British Swimming has also published the following announcement: ‘In addition to complying with FINA General Rule 5, the swimwear in these competitions must comply with By-Laws 8.2 and 8.3 concerning the style and material used. This does not prevent the use of a zip (or other fastening) as this is not mentioned in these provisions. British Records may be achieved. However, if a World or European Record is to be claimed then the swimwear must meet the requirements of the issuing authority. This is separate from the General Rules and By-Laws and is subject to change at any time. A list of approved swimsuits can be found on the FINA website www.fina.org

Download Gala and Open Officials Document
Competition Tips for the Swimmer
Published: 19 September 2016

Competition Tips for the Swimmer

  • Discuss your races with your coach, and set yourself Goals.
  • What to pack in your swim bag:
    • Swimming Costume or Trunks (more than one for longer meets).
    • A Towel (more than one is very useful especially the lightweight ones).
    • Two pairs of Goggles (practice with new googles before race day).
    • Your Club Hat (take a spare if you have one).
    • Your Club T-Shirt, you will need it to keep warm while waiting for races.
    • A pair of Shorts, flip flops or crocs if you wish to wear them.
    • Plenty to Drink (no fizzy drinks).
    • Healthy Snacks and a Healthy Meal if you are there all day.
    • A book to read or something to play with, remember space is limited and Electronics/Phone are best left at home or in the locker.
    • Always remember to take a 20p, 50p and £1 for lockers, every pool is different when it comes to lockers!!
  • Ensure you arrive in plenty time.
    • You may need to sign in, normally by the time of the published warm up.
    • If it’s a team gala ensure you report to the coach 15 minutes before warm up starts.
  • Before the racing starts there will always be a warm up, ensure you follow the Coach/Team Managers instructions, as it’s very important to warm up correctly.
  • Before your races you will wait with the rest of the club swimmers – always try to cheer on team mates while you are waiting!
  • The Team Manager/Coach will remind you of the stroke and distances you are racing, (but for Open Meet please try to remember what you have entered).
  • The Team Manager/Coach will instruct you when to go to the whipping area. Once there you will be told what heat you are in, and you will be instructed to go to the start with the swimmers in your heat in lane order, you must listen carefully and follow all instructions.
  • Always take your drink to the whipping area and the start (you can collect after your race), you may be there a while and you must stay hydrated.
  • Once you have finished your race, you need to see your coach for feedback on the race.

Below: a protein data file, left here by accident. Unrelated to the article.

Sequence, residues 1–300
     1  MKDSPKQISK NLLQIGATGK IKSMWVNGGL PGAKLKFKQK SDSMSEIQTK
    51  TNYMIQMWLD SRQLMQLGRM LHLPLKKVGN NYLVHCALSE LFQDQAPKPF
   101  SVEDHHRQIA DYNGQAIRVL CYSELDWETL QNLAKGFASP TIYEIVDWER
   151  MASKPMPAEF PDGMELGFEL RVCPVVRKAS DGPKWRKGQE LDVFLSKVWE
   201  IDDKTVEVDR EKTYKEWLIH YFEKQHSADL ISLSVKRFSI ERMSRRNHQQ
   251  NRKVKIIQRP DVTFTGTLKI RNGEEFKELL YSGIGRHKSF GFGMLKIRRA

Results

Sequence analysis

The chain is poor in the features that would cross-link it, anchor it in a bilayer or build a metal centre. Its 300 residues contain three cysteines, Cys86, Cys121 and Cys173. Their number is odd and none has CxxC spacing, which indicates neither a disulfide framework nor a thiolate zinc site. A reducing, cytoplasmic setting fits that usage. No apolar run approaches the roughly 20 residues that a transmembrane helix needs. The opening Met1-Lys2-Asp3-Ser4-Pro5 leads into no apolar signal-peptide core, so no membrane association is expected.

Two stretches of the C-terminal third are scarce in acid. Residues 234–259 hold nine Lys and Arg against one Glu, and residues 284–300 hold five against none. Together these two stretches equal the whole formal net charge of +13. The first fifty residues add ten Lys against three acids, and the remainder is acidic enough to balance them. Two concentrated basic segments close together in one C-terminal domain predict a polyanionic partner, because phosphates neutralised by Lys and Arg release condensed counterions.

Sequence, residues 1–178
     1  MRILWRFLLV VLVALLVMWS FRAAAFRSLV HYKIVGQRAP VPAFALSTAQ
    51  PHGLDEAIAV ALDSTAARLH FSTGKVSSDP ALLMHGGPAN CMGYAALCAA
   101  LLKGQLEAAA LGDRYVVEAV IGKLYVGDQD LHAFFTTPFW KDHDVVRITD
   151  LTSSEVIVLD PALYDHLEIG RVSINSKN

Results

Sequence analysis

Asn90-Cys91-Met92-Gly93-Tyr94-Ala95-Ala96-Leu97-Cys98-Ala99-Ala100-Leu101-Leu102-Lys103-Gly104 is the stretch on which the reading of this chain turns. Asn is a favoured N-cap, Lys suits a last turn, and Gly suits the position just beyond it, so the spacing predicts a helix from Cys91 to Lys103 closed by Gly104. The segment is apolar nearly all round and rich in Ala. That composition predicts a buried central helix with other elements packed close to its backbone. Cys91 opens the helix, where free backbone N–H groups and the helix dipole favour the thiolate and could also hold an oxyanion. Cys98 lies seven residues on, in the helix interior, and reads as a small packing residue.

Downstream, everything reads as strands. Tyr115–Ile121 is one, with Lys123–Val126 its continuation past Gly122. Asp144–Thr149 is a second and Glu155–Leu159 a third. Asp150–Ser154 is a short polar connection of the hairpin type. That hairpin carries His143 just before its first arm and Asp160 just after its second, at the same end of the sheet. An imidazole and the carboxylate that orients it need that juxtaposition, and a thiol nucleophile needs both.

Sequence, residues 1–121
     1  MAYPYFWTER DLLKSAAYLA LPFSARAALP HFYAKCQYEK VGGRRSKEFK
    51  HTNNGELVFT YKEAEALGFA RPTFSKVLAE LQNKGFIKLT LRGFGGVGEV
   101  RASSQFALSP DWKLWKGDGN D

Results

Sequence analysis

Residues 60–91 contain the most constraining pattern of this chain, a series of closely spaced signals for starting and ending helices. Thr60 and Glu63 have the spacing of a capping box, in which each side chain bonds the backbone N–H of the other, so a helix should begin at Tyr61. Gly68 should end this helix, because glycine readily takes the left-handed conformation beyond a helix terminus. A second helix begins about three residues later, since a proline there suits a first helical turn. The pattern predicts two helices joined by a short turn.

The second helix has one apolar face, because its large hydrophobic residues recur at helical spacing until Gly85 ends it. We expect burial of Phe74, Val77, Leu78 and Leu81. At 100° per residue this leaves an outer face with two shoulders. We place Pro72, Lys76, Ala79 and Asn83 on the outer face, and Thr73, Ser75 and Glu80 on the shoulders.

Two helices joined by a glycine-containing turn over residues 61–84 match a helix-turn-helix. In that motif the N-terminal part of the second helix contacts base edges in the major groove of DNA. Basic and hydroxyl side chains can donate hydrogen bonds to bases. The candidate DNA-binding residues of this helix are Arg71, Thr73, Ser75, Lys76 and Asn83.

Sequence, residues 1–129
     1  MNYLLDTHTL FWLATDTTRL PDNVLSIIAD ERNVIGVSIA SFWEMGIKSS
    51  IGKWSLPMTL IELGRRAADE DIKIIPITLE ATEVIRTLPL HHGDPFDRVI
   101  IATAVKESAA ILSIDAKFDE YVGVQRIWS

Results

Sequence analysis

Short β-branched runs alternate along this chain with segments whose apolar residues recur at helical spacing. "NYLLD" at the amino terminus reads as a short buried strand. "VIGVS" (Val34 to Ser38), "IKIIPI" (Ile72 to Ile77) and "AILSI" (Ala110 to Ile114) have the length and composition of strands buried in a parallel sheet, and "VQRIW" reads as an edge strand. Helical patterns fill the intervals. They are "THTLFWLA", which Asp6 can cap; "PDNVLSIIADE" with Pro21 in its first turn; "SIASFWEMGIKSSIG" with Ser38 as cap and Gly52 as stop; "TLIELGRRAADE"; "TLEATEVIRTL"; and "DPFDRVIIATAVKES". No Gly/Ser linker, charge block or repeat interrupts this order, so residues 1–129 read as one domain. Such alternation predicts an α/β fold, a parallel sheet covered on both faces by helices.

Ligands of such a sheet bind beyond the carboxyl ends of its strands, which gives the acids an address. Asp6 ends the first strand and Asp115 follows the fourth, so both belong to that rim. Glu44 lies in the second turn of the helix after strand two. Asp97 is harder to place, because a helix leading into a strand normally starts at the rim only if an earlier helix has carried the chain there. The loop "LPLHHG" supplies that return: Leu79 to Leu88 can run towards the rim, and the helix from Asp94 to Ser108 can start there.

• Ensure you have a drink after your race, and if you have time before your next race have a snack.
  • You should remain with your team throughout the gala/open, if you wish to see your parents or go to the toilet please ensure you speak to the Team Manager/Coach first, (imagine what it would look like if every swimmer went to the spectator’s area after every race).
  • Always remember that if you are racing in heats, winning your heat may not mean you have won the event. Always check the results.
  • Most importantly show RESPECT for your Team Manger/Coaches and fellow team members.
  • Ensure you put your rubbish in the bin or take it home with you.
  • Most of all enjoy the experience.
  • Disqualification. Most swimmers are disqualified at least once, usually several times, when they start swimming. DO NOT WORRY! Just find out why you were disqualified and learn from your mistake. Sometimes it is confusing when you are swimming in a different pool or racing for the first time. Even the older experienced swimmers sometimes get disqualified.

Download Competition Tips for the Swimmer Document
Competition Tips for Parents
Published: 19 September 2016

Competition Tips for Parents

  • Ensure you know the timings of the gala/open and arrive on time.
  • Know where the location of the pool is before the day, and ensure you know where you’re going.
  • Check your emails the day before/on the day for any club arrangements.
  • Take a note of the Coach’s or Team Manager’s mobile number should you need to contact them re last minute illness, unforeseen delays etc.
  • If you wish to video or photograph your child you will need to complete the relevant record book when you pay your spectator fee in order to comply with ASA and BSC child protection procedures.
  • Let the Coaches do the Coaching.
  • Always be positive and supportive with your child no matter what the outcome of the race is. If you have concerns discuss them with the coach.
  • Ensure you child has everything they need – see Competition Tips for the Swimmer.

Download Competition Tips for Parents Document
Swimmer Checklist Before a Gala
Published: 19 September 2016

Swimmer Checklist Before a Gala

Swimmer Checklist

1. Directions to the gala
2. Times of session starts and races I am swimming
3. Food, snacks, drinks for the day/evening
4. Coin/coins for locker (20p, 50p or £1)
5. Kit

  • Goggles x 2 pairs
  • Race suit
  • Warm-up swimming suits
  • Towels
  • Club Swim Hats x 2
  • Flip flops

Download Competition Cheklist for a Gala Document